Summary Of St Lucy's Home For Girls Raised By Wolves

498 Words2 Pages

In ”St. Lucy’s Home for Girls Raised by Wolves”, Russell writes a short story regarding a group of girls, whose parents are werewolves. Their parent sent them to St. Lucy’s to be reformed into civilized humans and become functional members of society. Russell choses to divide the text into sections using an epigraph explaining what is expected in that stage, consisting of an excerpt from a fictitious guide, The Jesuit Handbook on Lycanthropic Culture Shock. In Stage Two, Russell use the epigraph to describes how the wolf girls should behave and react in this stage. Some characters developed in this image and some stray from the description. The epigraph suggests that in Stage Two, in order for the wolf girls to be successful in adjusting to the human culture, they must put forth effort and endure stressful situations. The epigraph proposes that the girls will feel homesick and “may experience a strong sense of dislocation” (Russell, 229). As the wolf girls struggle to comply with new human standards, they may feel “isolated, irritated, depressed, or generally uncomfortable” (Russell, 229). …show more content…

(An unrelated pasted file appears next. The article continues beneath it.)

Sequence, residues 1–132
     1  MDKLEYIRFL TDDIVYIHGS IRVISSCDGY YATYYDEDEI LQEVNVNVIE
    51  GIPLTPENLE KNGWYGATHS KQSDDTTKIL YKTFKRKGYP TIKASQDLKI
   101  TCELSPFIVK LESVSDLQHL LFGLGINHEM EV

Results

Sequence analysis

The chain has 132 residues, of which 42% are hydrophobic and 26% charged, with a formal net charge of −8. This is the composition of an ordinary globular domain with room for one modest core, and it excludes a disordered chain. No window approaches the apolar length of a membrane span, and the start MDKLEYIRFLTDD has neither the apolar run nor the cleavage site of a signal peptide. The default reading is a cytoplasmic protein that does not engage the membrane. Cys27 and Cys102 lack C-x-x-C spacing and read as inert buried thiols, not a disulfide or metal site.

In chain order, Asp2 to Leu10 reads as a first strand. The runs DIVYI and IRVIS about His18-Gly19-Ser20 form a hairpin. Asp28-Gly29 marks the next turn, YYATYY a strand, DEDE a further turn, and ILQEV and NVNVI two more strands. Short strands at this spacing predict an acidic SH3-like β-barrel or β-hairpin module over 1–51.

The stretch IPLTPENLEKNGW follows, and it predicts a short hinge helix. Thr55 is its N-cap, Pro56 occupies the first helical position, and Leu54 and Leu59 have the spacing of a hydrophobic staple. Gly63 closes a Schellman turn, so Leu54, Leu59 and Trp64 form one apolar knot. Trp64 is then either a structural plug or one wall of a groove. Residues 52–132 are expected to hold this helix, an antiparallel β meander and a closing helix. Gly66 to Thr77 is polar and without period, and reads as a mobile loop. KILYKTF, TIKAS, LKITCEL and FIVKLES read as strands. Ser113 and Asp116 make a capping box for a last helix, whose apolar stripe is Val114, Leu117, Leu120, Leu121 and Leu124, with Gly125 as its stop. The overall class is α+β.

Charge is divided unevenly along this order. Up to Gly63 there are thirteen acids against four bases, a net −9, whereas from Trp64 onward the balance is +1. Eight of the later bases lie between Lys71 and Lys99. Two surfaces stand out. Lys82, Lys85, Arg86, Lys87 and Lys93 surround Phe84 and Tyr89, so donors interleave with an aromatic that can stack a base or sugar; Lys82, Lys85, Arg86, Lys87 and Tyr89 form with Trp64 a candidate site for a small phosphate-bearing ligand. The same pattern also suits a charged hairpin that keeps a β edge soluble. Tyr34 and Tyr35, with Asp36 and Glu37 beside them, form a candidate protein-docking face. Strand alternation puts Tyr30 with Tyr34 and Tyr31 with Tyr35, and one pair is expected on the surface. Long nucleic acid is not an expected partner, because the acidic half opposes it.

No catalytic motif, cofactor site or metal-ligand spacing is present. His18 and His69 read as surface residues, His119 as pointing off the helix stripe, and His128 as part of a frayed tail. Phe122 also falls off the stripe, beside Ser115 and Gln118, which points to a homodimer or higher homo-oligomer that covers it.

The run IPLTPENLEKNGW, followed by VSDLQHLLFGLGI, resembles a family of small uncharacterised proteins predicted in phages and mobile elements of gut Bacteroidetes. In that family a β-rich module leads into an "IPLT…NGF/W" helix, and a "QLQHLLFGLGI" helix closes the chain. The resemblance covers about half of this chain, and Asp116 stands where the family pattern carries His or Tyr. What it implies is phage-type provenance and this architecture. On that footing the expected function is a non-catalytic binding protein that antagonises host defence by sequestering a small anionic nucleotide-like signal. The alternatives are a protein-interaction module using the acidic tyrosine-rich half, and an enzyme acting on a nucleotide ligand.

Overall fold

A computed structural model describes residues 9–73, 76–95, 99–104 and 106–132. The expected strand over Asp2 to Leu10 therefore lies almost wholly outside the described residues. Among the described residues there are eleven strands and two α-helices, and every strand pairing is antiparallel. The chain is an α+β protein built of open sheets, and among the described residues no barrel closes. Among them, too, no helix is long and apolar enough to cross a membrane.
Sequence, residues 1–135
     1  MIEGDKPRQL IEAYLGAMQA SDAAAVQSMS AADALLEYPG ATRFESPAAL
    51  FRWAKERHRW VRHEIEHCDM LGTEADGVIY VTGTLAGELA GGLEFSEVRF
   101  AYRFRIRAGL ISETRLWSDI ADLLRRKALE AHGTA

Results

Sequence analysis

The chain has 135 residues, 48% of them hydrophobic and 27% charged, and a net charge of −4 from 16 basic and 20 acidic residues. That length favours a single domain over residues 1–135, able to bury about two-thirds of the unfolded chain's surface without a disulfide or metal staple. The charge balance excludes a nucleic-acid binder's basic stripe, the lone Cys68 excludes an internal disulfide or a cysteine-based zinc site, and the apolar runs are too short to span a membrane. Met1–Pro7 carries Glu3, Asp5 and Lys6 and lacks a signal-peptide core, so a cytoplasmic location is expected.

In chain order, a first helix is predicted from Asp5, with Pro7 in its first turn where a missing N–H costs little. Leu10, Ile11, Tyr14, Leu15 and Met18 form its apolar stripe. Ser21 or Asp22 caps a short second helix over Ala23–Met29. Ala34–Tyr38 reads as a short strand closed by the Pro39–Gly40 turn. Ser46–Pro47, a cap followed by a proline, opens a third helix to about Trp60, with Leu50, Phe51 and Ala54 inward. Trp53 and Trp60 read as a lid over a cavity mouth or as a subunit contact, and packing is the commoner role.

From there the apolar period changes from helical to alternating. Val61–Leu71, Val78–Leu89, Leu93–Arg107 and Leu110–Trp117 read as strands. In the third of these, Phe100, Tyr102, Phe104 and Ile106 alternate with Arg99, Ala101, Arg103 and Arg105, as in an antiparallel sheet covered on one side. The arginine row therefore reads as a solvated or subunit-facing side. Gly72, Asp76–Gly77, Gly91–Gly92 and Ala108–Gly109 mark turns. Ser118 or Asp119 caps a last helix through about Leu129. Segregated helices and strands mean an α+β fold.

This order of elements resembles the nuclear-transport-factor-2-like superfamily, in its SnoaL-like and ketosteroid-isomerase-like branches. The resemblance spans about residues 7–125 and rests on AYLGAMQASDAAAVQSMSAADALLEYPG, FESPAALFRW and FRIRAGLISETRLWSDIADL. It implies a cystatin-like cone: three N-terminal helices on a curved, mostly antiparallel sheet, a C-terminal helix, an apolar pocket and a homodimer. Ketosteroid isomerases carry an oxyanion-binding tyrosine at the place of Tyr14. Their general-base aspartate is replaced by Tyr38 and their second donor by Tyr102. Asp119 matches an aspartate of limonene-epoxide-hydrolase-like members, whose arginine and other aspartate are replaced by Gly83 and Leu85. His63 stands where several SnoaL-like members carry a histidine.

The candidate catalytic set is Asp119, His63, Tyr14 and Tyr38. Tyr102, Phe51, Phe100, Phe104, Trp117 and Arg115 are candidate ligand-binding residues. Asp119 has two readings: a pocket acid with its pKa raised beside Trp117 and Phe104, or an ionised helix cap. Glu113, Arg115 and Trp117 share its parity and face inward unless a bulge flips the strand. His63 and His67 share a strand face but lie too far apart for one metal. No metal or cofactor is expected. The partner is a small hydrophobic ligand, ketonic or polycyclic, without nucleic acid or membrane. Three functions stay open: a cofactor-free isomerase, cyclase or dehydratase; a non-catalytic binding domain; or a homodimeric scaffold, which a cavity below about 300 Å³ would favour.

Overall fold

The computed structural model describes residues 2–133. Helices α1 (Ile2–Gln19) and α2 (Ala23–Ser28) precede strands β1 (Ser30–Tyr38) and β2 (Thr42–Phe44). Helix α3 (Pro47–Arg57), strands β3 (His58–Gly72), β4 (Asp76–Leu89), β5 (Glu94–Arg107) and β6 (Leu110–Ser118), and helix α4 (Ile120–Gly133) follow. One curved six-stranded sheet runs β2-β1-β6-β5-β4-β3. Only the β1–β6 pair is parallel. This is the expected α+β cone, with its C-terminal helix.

The majority of the girls followed the same description noted in the epigraph. The narrator stated, “The whole pack was irritating, bewildered, depressed” (Russell, 229). The pack discovered it difficult to wear shoes and walk on two feet. For them it was, “disorienting…to look down and seem two squared two shoes, instead of [our] own two feet” (Russell, 229). Average human norms were foreign concepts to the pack and caused them to feel uncomfortable and miserable, but they still strived to be a civilized human girls. However, the epigraph doesn’t report all scenarios in which a wolf girl could respond in Stage

Open Document